Scientific Name: Boscia albitrunca
Common names: Shepherd's tree, Wit-gat boom (Afrikaans), Motlopi (Twana).
Description: As the specific name 'albitrunca' suggests, the light coloured trunk of this tree is it's most diagnostic characteristic. The trunk is stout and un-branched with pale yellow bark flaking at places, exposing the ashy white fresh bark underneath. The leaves are oblong and leathery olive green and the berries pale red. It is a semi-deciduous tree, and could grow up to 6 m in height. It is widely distributed through the drier areas of Southern Africa, with high concentrations in Namibia and Botswana. The Shepherd's tree is often referred to as the "tree of life", as nearly every part of it could used or eaten by humans or animals.
Medical uses: A cold infusion is made of the leaves and used for inflamed eyes in both humans and cattle.
Superstition: In Botswana there is no restrictions on cutting the tree down, but even roads has been detoured around a big tree, as it is of such valuable source of nutrition. It is believed that if the berries of the tree wither before the sorghum crop is ready to be harvest, the crop will fail or be very weak. Some of the Namibian tribes belief their ancestors was born from the tree.
Nutritive uses: Nutritionally this tree is immensely important in the dry regions of Botswana and Namibia. The fruit is eagerly eaten by all animals, and even humans in times of scarcity. Domestic and wildlife eat the leaves, and this is seen in the umbrella shape of the tree. An substitute to coffee and even sugar could be made from the tab roots, and even a type of porridge could be made from dried pulverised roots. Powdered root is very effective in keeping milk and butter fresh for more then 2 days.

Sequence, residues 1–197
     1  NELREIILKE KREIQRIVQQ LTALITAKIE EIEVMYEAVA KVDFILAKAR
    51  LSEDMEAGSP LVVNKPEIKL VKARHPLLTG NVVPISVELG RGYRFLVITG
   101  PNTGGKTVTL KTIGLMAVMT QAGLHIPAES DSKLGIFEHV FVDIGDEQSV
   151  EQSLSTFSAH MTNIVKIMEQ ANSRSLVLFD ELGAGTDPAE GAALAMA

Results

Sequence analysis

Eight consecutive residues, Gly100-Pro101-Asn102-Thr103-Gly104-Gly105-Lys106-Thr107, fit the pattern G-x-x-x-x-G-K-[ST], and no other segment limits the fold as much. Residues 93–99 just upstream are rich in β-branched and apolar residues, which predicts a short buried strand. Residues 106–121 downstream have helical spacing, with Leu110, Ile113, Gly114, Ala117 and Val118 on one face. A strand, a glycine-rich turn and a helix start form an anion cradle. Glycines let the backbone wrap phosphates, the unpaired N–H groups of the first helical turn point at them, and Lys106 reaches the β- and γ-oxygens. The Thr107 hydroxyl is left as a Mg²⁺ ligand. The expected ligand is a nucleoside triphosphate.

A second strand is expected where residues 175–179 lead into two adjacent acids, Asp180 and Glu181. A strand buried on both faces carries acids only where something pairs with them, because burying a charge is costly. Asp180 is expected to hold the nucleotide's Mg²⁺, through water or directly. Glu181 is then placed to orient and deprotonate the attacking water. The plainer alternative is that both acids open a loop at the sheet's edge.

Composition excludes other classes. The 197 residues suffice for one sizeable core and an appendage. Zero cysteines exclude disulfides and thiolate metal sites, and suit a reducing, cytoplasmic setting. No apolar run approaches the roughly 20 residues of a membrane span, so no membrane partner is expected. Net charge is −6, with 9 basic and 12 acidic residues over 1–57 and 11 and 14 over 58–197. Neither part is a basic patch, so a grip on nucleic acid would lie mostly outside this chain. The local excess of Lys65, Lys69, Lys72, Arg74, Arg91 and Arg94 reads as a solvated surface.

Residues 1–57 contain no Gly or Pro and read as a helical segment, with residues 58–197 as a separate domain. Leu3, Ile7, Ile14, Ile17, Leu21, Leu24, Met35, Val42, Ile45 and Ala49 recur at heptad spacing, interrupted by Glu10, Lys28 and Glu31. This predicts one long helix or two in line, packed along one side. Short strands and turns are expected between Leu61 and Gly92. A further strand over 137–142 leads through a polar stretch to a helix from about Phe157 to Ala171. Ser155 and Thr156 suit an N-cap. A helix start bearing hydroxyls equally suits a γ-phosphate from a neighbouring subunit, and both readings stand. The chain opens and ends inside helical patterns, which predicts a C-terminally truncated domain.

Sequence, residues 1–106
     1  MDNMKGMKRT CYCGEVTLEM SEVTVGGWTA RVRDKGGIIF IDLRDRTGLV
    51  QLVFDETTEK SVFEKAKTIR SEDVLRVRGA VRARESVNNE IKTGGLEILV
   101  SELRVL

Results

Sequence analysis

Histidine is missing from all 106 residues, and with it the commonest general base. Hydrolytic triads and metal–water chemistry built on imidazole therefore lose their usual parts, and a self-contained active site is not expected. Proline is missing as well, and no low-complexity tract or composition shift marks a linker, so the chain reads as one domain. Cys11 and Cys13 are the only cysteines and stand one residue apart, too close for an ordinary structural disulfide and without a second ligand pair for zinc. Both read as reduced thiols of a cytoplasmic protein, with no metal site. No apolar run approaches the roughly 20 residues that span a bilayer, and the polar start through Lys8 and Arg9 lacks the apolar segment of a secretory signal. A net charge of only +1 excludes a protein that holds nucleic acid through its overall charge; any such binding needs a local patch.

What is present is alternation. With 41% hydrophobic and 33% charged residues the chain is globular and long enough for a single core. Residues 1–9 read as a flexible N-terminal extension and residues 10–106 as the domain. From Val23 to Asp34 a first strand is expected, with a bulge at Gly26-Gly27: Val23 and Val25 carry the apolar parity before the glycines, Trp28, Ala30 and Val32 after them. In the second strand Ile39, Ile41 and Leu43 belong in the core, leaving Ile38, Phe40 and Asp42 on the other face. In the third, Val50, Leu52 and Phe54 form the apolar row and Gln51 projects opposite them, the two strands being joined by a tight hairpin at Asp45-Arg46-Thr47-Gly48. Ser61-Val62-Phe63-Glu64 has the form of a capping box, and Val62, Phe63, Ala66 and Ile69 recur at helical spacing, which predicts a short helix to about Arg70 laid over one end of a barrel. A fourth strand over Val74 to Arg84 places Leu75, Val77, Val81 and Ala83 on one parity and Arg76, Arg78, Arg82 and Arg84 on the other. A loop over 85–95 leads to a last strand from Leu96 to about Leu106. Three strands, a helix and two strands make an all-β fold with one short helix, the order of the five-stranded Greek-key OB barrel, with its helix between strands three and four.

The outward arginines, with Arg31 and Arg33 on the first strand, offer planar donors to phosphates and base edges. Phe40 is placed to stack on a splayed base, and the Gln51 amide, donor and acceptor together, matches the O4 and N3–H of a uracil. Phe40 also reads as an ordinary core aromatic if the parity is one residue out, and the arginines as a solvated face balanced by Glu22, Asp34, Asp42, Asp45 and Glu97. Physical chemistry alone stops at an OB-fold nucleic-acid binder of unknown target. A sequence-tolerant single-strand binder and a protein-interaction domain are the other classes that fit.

Other uses: The larvae of two butterflies commonly found in the Moremi Game Reserve of Botswana, the 'Brown-veined White' and the 'Queen Purple-tip', feed on the leaves of the Boscia.
Interesting Facts: In the Namibian Kalahari and Namib desert regions where the Shepherd's tree is common, it is not an good idea to sit in its shade. The reason is that all animals, wild and domestic will frequent the shade, and many ticks prefer to make their home in shade of the tree, to get away from the sun's heat.
Credits: Christian Fourie.